“Happiness is the absence of the striving for happiness.” Zhuangzi

It is official, Finland is the world’s happiest country and has been for four consecutive years.  This is according to the World Happiness Report[i] published on March 20, in observance of the UN International Day of Happiness.  The report examines data from 149 countries, looking at economic data such as GDP per capita, healthy life expectancy but also survey responses from Gallup polls – looking at three criteria: life evaluations, positive emotions, and negative emotions. 

Given the year we have just encountered it would be expected to see quite a significant reduction in our levels of happiness, yet that was not the case.  Globally, there was no overall change in the positive emotions, but there was a 10% increase in the number of people who said they were worried or sad the previous day.  There seems to be an interplay between our long-term view characterised by resilience, countered – in the short-term – by an increase in anxiety. 

It is fascinating to consider what drives the happiness scores.  We so often associate increased happiness because of gaining something – winning the lottery or buying the latest gadget.  Whilst there may be fleeting feeling of happiness associated with this, this study would suggest that does not determine our satisfaction in life.  Instead, ‘trust and the ability to count on others’ are more important to happiness.  This applies at both a local and national level: we want to see trust in those around us as well as in those running the country.  This is why happiness levels are highest in social democracies of Northern Europe.  The top 10 countries are Finland, Denmark, Switzerland, Iceland, the Netherlands, Norway, Sweden, Luxembourg, New Zealand and Austria. According to one of the study’s authors, Jeffrey Sachs, “People feel secure in those countries, so trust is high. The government is seen to be credible and honest, and trust in each other is high.”[ii]  It is perhaps worrying then that the UK’s ranking fell by 5 slots to 18th, as our happiness score fell to 6.8 versus 7.2 in the 2017-19 period.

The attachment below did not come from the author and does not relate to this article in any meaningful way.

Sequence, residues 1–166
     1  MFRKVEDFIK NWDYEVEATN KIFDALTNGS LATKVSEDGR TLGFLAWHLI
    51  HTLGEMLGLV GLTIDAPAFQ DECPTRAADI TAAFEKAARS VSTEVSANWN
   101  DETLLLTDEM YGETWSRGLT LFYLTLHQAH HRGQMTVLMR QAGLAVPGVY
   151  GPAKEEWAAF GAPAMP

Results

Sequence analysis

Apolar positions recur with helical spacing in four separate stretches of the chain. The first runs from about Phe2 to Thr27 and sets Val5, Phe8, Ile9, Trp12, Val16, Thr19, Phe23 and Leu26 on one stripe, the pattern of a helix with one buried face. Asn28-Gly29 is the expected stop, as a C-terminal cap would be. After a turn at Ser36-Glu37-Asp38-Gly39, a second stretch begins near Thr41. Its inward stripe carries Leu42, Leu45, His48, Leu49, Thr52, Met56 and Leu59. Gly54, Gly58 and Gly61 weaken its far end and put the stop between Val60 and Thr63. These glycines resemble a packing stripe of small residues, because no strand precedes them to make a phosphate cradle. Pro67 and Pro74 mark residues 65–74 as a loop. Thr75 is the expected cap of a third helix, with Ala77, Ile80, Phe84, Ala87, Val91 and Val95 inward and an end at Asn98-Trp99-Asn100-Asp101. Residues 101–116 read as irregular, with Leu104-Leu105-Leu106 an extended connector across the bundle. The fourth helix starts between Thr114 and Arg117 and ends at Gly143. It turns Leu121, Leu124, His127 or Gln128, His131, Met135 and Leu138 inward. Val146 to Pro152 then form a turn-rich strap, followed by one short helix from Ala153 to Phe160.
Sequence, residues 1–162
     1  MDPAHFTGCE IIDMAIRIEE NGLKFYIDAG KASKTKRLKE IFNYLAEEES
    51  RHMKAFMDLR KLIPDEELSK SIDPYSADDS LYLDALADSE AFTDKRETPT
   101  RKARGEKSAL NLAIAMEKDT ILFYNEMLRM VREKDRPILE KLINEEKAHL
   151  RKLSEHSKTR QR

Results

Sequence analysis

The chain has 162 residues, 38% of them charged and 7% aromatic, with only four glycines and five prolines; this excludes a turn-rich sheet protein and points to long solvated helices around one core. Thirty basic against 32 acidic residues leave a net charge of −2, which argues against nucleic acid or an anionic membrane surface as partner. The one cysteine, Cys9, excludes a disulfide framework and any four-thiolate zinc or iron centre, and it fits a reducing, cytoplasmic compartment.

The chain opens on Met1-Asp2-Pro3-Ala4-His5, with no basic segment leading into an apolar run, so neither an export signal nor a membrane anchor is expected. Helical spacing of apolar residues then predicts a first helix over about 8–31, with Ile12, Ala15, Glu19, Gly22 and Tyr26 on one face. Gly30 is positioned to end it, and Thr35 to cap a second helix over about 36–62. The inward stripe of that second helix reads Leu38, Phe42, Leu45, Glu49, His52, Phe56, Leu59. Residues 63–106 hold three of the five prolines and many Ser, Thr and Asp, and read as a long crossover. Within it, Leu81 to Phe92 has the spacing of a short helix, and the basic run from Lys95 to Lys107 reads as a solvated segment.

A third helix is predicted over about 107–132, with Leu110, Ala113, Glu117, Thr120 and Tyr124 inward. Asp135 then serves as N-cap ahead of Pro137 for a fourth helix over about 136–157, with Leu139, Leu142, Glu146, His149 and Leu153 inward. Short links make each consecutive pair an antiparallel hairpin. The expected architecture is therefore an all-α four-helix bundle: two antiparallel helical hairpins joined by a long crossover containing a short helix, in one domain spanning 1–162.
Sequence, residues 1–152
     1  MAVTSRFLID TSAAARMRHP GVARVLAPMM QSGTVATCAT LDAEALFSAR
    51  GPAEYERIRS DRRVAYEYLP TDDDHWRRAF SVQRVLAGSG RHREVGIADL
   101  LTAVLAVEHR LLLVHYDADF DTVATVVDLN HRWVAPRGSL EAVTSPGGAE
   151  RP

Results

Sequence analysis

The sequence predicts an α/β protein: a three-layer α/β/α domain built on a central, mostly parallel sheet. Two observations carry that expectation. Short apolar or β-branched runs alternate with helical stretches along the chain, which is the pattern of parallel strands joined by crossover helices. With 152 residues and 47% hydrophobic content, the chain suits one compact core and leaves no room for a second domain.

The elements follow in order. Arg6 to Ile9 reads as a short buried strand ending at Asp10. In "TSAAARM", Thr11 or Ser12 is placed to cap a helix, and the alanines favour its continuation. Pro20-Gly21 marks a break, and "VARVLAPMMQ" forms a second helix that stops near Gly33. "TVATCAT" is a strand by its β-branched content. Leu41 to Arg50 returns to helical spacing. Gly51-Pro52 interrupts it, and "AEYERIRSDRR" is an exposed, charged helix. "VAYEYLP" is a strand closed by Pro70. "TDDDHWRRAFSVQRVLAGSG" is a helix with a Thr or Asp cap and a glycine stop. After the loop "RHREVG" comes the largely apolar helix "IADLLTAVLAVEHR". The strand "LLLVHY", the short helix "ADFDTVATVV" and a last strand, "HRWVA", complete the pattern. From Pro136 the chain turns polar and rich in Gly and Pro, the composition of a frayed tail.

So, I guess the obvious question is what is it that makes Finland the happiest country?  A scroll through the various responses to the question on google shows a high level of consistency, perhaps best reflected by Heikki Väänänen[iii]  “Finland has extensive welfare benefits, low levels of corruption, a well-functioning democracy, and an instilled sense of freedom and independence.”  He also references the culture of the people as ‘Sisu’, translating to stoic perseverance or maybe better reflected in the Finnish saying ‘Happiness does not come from searching for it, but by living.’

If we are to learn the lessons of Finland, we need to look beyond materiality to achieve happiness, as summed up by Sachs, “the [report] reminds us that we must aim for wellbeing rather than mere wealth, which will be fleeting indeed if we don’t do a much better job of addressing the challenges of sustainable development.”

[i] https://happiness-report.s3.amazonaws.com/2021/WHR+21.pdf

[ii] https://apnews.com/article/2021-world-happiness-report-covid-resilience-79b5b8d1a2367e69df05ae68b58aa435

[iii] https://www.happy-or-not.com/en/2020/06/forbes-why-finland-is-the-happiest-country-in-the-world/

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